State v. Stewart
Defendant gave birth to a son who died after 52 days from dehydration. In the week prior to the baby's death, defendant, the father, and a friend ingested cocaine repeatedly for two or three days. The baby was present during this binge, but was never fed or cared for during this time.
Defendant was arrested and indicted on charges of second-degree murder, wrongfully causing or permitting a child under the age of eighteen to be a habitual sufferer for want of food and proper care, and manslaughter. The second-degree murder charge was based on the felony murder rule with wrongfully permitting a child to be a habitual sufferer as an inherently dangerous felony.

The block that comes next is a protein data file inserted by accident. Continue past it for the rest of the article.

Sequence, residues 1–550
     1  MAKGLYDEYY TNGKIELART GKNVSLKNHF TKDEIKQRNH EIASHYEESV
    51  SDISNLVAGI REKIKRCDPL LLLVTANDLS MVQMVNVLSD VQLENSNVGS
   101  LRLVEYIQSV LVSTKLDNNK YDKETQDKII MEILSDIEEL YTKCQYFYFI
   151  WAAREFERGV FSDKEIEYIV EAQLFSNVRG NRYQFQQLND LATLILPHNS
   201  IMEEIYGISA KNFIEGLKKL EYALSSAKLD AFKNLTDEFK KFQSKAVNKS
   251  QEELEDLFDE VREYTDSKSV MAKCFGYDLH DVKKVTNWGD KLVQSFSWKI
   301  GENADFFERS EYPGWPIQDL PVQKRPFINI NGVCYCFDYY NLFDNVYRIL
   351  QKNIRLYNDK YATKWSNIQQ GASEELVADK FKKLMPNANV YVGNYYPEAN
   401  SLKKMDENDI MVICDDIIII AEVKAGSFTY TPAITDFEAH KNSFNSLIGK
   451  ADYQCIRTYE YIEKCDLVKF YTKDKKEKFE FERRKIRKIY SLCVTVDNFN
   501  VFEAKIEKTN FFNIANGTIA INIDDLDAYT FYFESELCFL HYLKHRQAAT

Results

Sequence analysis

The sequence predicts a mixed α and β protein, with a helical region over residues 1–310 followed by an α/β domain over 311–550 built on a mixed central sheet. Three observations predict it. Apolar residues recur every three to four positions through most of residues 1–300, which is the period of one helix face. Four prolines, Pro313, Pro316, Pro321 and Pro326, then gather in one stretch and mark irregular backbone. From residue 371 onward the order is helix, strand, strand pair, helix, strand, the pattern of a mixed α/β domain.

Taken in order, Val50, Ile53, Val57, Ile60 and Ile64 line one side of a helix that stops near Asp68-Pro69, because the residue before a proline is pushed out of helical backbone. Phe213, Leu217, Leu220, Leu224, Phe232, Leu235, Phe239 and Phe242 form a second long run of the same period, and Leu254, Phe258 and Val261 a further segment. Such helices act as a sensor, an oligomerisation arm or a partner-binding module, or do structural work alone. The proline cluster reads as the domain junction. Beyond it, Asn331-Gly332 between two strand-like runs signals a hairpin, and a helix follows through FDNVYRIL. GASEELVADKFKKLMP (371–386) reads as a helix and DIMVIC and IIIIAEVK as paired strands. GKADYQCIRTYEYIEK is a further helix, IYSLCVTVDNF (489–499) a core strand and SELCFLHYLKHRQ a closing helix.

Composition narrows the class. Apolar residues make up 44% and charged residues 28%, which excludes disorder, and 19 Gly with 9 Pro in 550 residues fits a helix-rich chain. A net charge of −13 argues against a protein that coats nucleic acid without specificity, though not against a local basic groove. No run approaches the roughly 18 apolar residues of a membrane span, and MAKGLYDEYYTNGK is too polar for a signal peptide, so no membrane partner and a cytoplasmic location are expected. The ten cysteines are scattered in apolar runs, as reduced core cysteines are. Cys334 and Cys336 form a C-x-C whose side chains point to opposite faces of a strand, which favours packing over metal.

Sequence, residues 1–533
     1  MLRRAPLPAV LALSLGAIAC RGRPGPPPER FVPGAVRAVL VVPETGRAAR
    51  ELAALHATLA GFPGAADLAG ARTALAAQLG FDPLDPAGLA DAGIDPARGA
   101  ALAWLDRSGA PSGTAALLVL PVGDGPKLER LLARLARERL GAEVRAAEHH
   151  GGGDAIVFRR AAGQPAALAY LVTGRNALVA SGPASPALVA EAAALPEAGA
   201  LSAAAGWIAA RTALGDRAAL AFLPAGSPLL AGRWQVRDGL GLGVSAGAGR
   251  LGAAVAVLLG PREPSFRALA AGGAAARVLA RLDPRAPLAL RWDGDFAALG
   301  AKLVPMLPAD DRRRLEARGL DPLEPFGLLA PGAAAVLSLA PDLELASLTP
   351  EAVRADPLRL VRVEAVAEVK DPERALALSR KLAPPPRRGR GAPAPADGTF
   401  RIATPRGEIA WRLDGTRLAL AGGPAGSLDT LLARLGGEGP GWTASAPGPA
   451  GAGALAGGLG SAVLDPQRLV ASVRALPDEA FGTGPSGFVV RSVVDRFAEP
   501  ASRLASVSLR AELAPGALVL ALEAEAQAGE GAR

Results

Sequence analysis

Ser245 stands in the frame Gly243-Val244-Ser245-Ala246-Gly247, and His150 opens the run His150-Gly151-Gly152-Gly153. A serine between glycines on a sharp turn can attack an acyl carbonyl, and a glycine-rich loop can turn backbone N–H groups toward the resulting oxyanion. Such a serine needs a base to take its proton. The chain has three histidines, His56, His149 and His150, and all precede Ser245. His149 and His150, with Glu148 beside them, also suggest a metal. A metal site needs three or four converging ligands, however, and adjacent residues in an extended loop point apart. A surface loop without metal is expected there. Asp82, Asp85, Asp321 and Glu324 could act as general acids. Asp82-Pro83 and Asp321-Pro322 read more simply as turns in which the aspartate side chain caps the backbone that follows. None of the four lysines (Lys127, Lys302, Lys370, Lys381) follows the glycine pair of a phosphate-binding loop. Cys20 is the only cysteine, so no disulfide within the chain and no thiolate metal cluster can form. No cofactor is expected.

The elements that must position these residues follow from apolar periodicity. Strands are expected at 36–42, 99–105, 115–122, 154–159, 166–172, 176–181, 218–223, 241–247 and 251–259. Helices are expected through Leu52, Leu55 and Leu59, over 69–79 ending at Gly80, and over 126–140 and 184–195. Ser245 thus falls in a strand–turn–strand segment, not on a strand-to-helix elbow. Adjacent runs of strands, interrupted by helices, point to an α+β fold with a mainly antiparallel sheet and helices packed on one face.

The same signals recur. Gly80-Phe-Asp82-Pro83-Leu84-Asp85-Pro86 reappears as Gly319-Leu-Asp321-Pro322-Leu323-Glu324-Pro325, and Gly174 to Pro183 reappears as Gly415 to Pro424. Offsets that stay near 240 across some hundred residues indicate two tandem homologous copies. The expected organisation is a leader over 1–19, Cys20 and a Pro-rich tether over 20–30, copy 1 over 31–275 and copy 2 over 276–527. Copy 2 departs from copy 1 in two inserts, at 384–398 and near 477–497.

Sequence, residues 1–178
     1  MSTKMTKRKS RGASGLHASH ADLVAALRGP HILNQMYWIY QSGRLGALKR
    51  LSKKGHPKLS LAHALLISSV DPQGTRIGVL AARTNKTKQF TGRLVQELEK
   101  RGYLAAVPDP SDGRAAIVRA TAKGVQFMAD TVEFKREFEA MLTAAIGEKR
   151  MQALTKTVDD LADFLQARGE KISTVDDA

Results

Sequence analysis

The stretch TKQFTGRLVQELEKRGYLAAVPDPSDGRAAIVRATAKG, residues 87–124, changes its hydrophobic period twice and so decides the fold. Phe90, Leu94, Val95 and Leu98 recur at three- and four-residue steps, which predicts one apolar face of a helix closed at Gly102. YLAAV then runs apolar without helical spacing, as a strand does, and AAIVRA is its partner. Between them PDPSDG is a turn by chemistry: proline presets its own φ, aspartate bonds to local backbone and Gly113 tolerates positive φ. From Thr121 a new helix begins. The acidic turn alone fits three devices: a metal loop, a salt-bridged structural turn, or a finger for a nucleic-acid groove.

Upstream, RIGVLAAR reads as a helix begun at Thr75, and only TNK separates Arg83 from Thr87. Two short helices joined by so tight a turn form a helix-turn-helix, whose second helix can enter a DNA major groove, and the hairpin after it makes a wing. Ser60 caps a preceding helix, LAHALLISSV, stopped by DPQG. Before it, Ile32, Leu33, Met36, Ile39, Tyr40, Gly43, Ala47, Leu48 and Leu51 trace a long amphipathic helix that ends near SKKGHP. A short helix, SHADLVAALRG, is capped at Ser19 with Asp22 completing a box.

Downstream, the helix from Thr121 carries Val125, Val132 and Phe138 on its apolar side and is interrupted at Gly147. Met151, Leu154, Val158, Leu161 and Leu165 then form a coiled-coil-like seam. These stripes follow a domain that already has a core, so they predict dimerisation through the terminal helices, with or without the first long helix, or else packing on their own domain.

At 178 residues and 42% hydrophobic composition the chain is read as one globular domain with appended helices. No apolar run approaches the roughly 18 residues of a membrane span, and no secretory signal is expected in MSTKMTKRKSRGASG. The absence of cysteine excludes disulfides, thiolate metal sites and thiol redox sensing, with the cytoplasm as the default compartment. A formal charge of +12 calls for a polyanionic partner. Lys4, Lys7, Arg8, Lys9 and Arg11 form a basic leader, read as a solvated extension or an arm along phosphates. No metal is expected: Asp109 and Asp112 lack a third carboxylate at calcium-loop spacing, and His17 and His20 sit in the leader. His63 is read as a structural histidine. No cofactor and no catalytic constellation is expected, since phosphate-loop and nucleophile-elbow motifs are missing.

Jury found defendant guilty of second-degree murder.
Can wrongfully permitting a child to be a habitual sufferer be an inherently dangerous felony?
California's rule that a felony must be considered in the abstract and that if a statute can be violated without endangering human life it is not inherently dangerous should not be adopted in Rhode Island. The better approach is for the trier of fact to determine if the felony was inherently dangerous in the manner and circumstances in which it was committed. This is how the jury was instructed, and thus its finding of guilt must mean that defendant's crime was inherently dangerous.
Yes, a jury can find that wrongfully permitting a child to is a habitual sufferer be an inherently dangerous felony. Affirmed.